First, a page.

Codenamed "Erika", the third generation Escort was launched in September 1980. The car, Ford Europe's second front-wheel drive model, was originally meant to be called the "Ford Erika", but ended up retaining the Escort name. Some say this was due to British consumers' reluctance to let go of the "Escort" badge (as the first two generations of Escort had been among Britain's most popular cars, with the Mk II being Britain's best selling car in 1976), and some say that the Germans were concerned with the song Erika, which was a famous battlemarch of the German armed forces during World War II. The North American Escort introduced at this time was a distantly related derivative. Sales in the United Kingdom increased, and by 1982 it had overtaken the ageing Cortina as the nation's best-selling car, beginning an eight-year run as Britain's best selling car.
Unlike the Mark II, which had essentially been a reskin of the original 1968 platform, the Mark III was a completely new design, and was conceived as a hi-tech, high-efficiency vehicle which would compete with the Volkswagen Golf and Honda Civic – considered at the time the class benchmarks. The Mark III was therefore a major engineering and stylistic departure from the two previous models; the biggest changes being the adoption of front-wheel drive, the new hatchback body and the all-new CVH overhead camshaft engines. The suspension was fully independent all around, departing from the archaic leaf spring arrangement found on its predecessors and the bodyshell was on average, 75kg lighter than that of the Mk II, yet Ford claimed was stiffer than the outgoing car. Ford however, was conscious that loyal customers of the previous generation Escorts may be deterred by the Mk III's advanced design, and hence the car was marketed in the United Kingdom with the strapline "Simple is Efficient".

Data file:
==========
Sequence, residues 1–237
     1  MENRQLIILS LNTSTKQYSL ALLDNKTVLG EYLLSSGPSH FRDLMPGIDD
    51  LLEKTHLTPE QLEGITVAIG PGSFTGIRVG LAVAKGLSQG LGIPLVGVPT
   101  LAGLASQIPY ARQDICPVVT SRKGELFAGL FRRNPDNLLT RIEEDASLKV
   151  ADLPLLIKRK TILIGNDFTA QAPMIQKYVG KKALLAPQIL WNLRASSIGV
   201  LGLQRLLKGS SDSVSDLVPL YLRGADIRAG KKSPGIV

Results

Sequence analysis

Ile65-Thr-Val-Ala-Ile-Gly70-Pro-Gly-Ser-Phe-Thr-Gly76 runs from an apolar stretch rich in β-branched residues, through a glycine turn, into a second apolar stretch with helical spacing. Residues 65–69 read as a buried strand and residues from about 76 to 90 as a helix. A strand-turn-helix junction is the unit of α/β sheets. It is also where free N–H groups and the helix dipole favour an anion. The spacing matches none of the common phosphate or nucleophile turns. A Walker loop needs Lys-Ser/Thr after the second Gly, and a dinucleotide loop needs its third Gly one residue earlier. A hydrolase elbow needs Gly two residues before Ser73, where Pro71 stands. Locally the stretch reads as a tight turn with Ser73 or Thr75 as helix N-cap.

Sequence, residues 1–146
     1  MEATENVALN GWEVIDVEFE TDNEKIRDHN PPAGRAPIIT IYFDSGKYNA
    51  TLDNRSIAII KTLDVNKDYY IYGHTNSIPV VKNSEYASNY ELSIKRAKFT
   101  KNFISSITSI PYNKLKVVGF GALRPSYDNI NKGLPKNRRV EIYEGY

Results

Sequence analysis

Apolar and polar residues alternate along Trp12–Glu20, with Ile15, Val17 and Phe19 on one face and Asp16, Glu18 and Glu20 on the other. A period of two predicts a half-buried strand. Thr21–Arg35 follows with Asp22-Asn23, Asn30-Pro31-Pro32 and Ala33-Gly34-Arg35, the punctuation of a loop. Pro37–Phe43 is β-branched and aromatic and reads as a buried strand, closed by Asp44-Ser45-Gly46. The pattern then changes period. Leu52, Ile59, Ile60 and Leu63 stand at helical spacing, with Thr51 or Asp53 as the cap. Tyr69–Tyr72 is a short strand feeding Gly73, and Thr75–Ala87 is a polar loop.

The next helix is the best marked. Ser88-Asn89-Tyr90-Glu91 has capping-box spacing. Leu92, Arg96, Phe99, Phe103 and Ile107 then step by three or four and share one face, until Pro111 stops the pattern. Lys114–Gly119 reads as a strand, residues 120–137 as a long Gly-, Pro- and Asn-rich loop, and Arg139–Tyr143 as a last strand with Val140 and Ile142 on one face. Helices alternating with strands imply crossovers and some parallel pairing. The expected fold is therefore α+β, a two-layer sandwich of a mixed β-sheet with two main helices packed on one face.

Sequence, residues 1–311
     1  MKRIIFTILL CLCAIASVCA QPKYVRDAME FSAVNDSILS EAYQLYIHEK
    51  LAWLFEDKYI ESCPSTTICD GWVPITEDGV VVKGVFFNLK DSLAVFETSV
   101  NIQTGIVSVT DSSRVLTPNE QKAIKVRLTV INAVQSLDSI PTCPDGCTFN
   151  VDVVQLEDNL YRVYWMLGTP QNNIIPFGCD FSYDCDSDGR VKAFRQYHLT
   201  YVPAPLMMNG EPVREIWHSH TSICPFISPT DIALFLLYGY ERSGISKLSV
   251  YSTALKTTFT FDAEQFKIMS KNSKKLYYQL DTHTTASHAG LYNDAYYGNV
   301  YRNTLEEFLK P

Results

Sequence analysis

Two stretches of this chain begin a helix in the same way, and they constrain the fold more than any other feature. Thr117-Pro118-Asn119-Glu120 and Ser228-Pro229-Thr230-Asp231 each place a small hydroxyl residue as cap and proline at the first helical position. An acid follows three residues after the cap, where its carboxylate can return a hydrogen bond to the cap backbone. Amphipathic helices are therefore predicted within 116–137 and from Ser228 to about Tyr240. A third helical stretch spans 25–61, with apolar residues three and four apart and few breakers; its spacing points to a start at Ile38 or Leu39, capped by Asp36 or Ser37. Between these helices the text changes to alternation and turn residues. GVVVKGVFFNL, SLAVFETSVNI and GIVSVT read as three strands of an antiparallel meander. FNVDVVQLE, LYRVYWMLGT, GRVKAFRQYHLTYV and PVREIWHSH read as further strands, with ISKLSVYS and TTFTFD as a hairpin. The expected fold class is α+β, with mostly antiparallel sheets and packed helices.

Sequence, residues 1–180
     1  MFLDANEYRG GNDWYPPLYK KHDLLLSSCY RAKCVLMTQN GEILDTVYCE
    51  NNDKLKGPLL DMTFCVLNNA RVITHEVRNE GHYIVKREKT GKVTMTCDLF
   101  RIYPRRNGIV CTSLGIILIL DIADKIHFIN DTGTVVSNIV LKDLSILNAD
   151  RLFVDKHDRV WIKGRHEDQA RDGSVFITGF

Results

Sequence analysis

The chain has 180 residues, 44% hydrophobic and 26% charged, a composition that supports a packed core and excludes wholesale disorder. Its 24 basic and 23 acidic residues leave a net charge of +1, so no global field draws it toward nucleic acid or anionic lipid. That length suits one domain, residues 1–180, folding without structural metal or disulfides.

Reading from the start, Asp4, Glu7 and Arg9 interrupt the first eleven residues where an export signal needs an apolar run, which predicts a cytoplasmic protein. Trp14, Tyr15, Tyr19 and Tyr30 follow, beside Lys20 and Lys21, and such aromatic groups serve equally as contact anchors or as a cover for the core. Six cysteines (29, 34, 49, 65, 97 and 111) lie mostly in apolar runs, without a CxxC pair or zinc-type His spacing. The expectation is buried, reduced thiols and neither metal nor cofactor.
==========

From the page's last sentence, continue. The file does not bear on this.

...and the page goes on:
It was Ford Europe's second front-wheel drive model launch, the first being the smaller Fiesta in 1976. The car used Ford's contemporary design language of the period with the black louvred radiator grille and straked rear lamp clusters, as well as introducing the aerodynamic "bustle-back" bootlid stump (trademarked by Ford as Aeroback) which would be further developed in the forthcoming Sierra and Scorpio; the stump was proven to reduce the car's aerodynamic drag co-efficient significantly, which was a class-leading 0.38 at launch.
New were the overhead camshaft CVH engines in 1.3 L and 1.6 L formats, with the older Ford Kent-based "Valencia" engine from the Fiesta powering the 1.1 L derivative, although there was a short-lived 1.1 version of the CVH engine sold in certain markets before it was discontinued in 1982.